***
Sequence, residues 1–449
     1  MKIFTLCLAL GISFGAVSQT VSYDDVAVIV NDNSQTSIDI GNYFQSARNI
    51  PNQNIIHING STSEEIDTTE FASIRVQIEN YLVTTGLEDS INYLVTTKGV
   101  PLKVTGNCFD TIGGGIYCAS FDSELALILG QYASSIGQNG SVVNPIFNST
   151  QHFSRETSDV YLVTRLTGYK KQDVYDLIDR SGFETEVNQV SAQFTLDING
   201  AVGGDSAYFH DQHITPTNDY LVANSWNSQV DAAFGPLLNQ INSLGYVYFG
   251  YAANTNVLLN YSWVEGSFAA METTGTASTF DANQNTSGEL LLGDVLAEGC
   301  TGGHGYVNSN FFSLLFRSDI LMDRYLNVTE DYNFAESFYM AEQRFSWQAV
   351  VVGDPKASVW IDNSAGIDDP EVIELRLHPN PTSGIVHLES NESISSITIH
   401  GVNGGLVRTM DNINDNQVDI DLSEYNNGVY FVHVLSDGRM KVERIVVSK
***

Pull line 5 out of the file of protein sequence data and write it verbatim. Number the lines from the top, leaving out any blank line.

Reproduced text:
   151  QHFSRETSDV YLVTRLTGYK KQDVYDLIDR SGFETEVNQV SAQFTLDING